Getting Hired Help; 9 Characteristics of a Good Market Adviser – DTN

    In tight margin years like 2015, Jeff Fisher scrutinizes every budget expense. One item he didn’t cut this year was his market adviser. The Tolono, Illinois, farmer has learned even in lean times, utilizing his adviser’s expertise can be the difference between profit and loss on the family’s corn and soybean farm.

    “Marketing may be the most important part of our job description,” Fisher says. “Marketing may be even more important when prices are lower and profits are at stake. Even at break-even corn and soybean prices, a good adviser can help you take advantage of what the market has to offer.”

    Fisher didn’t always use a market adviser. He helped his father with marketing in the early 1980s while still in high school and college. But once Fisher started farming full-time, and his operation and family grew in the 1990s, he decided he needed someone to watch the markets for him. Fisher relied on DTN and AgriVisor for commentary, and began using a market adviser at a local co-op.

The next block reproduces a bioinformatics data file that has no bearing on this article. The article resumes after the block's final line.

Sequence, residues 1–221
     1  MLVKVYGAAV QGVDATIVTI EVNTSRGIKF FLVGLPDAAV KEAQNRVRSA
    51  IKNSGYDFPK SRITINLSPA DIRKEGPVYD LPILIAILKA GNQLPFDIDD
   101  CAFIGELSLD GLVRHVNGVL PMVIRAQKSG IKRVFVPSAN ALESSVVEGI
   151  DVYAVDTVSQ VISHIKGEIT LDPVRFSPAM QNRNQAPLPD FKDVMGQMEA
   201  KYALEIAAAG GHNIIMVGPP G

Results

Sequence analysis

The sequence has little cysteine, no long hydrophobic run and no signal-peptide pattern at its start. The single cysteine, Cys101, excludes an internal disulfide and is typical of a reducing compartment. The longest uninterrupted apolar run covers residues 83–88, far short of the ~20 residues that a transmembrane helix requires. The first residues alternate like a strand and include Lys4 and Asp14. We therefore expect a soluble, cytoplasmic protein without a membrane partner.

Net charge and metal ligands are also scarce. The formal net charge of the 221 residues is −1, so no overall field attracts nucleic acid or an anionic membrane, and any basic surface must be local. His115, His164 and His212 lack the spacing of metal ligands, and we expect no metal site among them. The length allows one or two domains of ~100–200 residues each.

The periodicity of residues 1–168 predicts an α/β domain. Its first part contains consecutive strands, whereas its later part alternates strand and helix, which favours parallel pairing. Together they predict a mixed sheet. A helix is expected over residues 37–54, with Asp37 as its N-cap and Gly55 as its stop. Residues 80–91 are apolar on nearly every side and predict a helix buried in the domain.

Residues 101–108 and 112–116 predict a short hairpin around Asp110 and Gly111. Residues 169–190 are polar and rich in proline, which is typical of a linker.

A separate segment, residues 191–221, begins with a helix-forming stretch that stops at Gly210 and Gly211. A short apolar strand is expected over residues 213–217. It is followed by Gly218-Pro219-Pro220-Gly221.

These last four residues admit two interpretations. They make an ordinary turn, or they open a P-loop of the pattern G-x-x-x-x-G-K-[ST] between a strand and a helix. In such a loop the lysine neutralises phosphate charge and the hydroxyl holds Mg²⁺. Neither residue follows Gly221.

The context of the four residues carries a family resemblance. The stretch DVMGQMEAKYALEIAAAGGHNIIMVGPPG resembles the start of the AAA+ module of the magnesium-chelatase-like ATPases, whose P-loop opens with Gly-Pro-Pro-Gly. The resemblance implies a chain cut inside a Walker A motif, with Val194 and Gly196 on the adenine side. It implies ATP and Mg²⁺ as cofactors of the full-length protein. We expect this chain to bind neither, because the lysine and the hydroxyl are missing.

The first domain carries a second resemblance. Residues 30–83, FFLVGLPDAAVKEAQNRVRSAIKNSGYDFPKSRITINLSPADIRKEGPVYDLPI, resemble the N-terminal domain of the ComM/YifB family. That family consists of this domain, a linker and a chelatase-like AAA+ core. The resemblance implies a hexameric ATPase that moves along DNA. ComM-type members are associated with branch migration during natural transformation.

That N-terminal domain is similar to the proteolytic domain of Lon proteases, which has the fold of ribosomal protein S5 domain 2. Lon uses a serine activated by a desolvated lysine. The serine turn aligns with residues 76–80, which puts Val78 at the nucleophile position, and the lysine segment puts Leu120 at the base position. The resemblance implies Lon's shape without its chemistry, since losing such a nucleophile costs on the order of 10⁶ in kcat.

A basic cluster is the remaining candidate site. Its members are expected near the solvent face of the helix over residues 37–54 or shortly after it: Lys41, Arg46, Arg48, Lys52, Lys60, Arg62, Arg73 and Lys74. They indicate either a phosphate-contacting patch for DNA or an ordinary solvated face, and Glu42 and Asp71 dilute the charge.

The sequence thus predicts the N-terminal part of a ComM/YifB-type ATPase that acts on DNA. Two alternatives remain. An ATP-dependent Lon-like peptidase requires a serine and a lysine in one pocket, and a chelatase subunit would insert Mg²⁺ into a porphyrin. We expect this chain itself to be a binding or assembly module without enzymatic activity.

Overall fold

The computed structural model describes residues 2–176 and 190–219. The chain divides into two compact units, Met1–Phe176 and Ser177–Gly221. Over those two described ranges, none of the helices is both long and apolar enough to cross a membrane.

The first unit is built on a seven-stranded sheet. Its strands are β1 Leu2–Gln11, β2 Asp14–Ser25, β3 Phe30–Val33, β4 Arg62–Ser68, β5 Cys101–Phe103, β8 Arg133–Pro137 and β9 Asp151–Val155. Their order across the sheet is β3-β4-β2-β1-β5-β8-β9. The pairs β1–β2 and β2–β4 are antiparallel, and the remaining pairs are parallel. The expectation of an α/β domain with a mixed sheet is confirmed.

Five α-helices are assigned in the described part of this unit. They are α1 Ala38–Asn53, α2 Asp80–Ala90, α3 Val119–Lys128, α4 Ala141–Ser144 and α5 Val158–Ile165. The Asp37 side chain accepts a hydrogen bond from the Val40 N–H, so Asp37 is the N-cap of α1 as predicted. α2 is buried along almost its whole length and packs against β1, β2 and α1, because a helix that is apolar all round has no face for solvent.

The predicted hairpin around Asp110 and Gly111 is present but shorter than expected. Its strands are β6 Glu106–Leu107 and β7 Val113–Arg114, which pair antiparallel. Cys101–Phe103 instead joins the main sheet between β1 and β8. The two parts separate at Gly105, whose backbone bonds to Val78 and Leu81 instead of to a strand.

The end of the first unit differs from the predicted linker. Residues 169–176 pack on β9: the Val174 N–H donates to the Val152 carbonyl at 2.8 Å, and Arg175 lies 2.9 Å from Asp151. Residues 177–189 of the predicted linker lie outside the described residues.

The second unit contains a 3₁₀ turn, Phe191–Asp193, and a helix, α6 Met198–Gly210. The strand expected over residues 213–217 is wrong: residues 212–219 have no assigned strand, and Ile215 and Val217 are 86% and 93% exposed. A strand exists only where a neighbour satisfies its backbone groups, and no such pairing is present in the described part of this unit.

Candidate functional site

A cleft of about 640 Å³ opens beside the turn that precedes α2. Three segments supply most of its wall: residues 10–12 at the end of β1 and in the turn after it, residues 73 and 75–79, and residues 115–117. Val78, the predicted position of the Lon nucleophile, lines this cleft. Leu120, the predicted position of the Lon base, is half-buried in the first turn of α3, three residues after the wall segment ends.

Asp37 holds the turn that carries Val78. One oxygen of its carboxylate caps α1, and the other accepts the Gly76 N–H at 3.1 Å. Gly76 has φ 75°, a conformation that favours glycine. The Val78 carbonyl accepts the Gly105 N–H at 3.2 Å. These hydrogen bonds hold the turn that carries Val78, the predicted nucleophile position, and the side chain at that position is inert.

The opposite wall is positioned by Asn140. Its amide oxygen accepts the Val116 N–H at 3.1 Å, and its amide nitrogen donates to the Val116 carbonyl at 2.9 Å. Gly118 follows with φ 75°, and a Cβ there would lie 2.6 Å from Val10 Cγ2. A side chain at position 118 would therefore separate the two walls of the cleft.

“When that adviser retired, I was listening to Mike Zuzolo on the local public radio station,” Fisher recalls. “I liked his simple and easy-to-understand approach to marketing. I learned if you aren’t willing to put in the time yourself to do it right, an adviser is the way to go.”

    Fisher says after meeting Zuzolo, whose service, Global Commodity Analytics and Consulting LLC, is based in Atchison, Kan., he knew they were on the same plane of marketing philosophy.

    “Some advisers make marketing too complicated. I did not want to go that deep,” he says. “I had already learned that I didn’t like margin calls. I use Mike’s advice to make cash sales.” Fisher has used Zuzolo for the past 12 years.


    Diane Hanekamp, manager of strategic marketing for FamilyFarms Group, Brighton, Ill., believes farmers should always have access to daily market analysis, even if they pay for it, with the opportunity to expand into an individualized, consultative relationship.

    “You just cannot be an expert in every aspect of modern farming operations, and revenue management and protecting profitability are too critical to be left at the whim of the market,” she says. “There is always a range of expertise and emphasis on utilizing resources among any group of farmers. That being said, every operation in our group has subscription-based access to several daily advisory/commentaries and regular webinars/conference calls with experts.”